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Stay at home if you have coronavirus symptoms

Stay at home for 7 days if you have either:

  • a high temperature
  • a new, continuous cough

Do not go to a GP surgery, pharmacy or hospital.

You do not need to contact 111 to tell them you're staying at home. However, PLEASE NOTE they can provide sick lines if necessary following the 7 day self certification period.

Read our advice about staying at home. (Ctrl + click to follow this link)

Urgent advice: Use the NHS 111 online coronavirus service if:

  • you feel you cannot cope with your symptoms at home
  • your condition gets worse
  • your symptoms do not get better after 7 days

Use the 111 coronavirus service (Ctrl + click on this link to follow this online service)

Only call 111 if you cannot get help online

FLU IS CIRCULATING IN NORTHERN IRELAND. If you are aged 65 and over or fall in to one of the priority groups PLEASE ensure you are vaccinated.

We are a ZERO Tolerance Practice. This means we will NOT tolerate any threatening or aggressive behaviour or language towards any of our staff or patients. Unfortunately you will be removed from our practice list without further discussion and will have to find another practice.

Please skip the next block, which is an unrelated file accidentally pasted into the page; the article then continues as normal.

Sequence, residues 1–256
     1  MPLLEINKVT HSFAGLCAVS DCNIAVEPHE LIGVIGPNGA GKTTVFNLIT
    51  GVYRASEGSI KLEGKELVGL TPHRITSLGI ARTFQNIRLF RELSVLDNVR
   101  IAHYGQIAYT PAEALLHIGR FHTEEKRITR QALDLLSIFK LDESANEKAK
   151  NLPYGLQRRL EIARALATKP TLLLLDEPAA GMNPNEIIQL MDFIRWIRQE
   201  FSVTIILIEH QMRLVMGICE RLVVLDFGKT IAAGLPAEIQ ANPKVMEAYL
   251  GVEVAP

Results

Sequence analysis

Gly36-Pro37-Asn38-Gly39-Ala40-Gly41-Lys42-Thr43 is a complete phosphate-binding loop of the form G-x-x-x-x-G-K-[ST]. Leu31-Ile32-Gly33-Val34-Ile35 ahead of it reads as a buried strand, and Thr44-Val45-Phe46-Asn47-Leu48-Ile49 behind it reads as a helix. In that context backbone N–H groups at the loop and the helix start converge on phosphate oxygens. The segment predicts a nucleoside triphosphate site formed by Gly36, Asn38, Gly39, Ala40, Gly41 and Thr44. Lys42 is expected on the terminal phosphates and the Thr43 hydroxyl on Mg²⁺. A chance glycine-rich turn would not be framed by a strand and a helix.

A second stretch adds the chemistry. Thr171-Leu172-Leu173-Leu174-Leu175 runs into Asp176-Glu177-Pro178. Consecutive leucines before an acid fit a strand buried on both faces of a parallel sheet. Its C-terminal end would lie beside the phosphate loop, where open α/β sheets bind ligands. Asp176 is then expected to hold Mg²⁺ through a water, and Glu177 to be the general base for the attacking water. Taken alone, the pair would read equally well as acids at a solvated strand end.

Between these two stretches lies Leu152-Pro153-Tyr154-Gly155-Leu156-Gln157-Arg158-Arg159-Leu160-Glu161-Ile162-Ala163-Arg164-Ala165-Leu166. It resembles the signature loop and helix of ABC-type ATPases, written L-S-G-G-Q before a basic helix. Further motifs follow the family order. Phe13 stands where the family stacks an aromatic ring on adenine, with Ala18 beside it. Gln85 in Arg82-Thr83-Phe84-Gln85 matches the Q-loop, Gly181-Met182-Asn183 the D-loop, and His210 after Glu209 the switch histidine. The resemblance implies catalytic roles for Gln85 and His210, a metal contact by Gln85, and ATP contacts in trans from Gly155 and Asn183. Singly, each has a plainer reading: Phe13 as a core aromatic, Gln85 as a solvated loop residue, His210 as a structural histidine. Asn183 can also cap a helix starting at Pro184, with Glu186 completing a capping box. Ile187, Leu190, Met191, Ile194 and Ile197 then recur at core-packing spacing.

DNA'S -(Did Not Attends) Please remember to cancel your appointment if it no longer suits so that we can give it to someone else. Unfortunately failure to attend repeatedly will result in removal from our list.

 

Blood Tests

blood_tests_4A blood test is when a sample of blood is taken for testing in a laboratory. Blood tests have a wide range of uses and are one of the most common types of medical test. For example, a blood test can be used to:

  • assess your general state of health
  • confirm the presence of a bacterial or viral infection
  • see how well certain organs, such as the liver and kidneys, are functioning
A blood test usually involves the phlebotomist taking a blood sample from a blood vessel in your arm. and the usual place for a sample is the inside of the elbow or wrist, where the veins are relatively close to the surface. Blood samples from children are most commonly taken from the back of the hand. The child's hand will be anaesthetised (numbed) with a special cream before the sample is taken.

 

You can find out more about blood tests, their purpose and the way they are performed on the NHS Choices website.

 
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